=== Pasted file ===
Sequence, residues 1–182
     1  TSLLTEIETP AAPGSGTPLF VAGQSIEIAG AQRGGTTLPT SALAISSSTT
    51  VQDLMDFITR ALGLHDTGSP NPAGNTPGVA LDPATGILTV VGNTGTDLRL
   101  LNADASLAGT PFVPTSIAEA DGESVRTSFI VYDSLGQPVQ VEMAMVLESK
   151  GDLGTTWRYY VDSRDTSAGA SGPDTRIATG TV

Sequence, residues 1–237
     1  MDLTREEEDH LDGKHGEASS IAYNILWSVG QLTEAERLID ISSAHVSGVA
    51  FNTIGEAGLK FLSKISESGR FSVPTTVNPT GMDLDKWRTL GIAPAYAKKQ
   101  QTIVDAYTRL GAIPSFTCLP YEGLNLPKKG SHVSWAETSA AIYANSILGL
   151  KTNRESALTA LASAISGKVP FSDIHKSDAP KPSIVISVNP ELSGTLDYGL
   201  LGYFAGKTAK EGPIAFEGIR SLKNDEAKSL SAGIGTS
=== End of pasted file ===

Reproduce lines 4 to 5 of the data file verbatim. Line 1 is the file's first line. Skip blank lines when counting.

   101  LNADASLAGT PFVPTSIAEA DGESVRTSFI VYDSLGQPVQ VEMAMVLESK
   151  GDLGTTWRYY VDSRDTSAGA SGPDTRIATG TV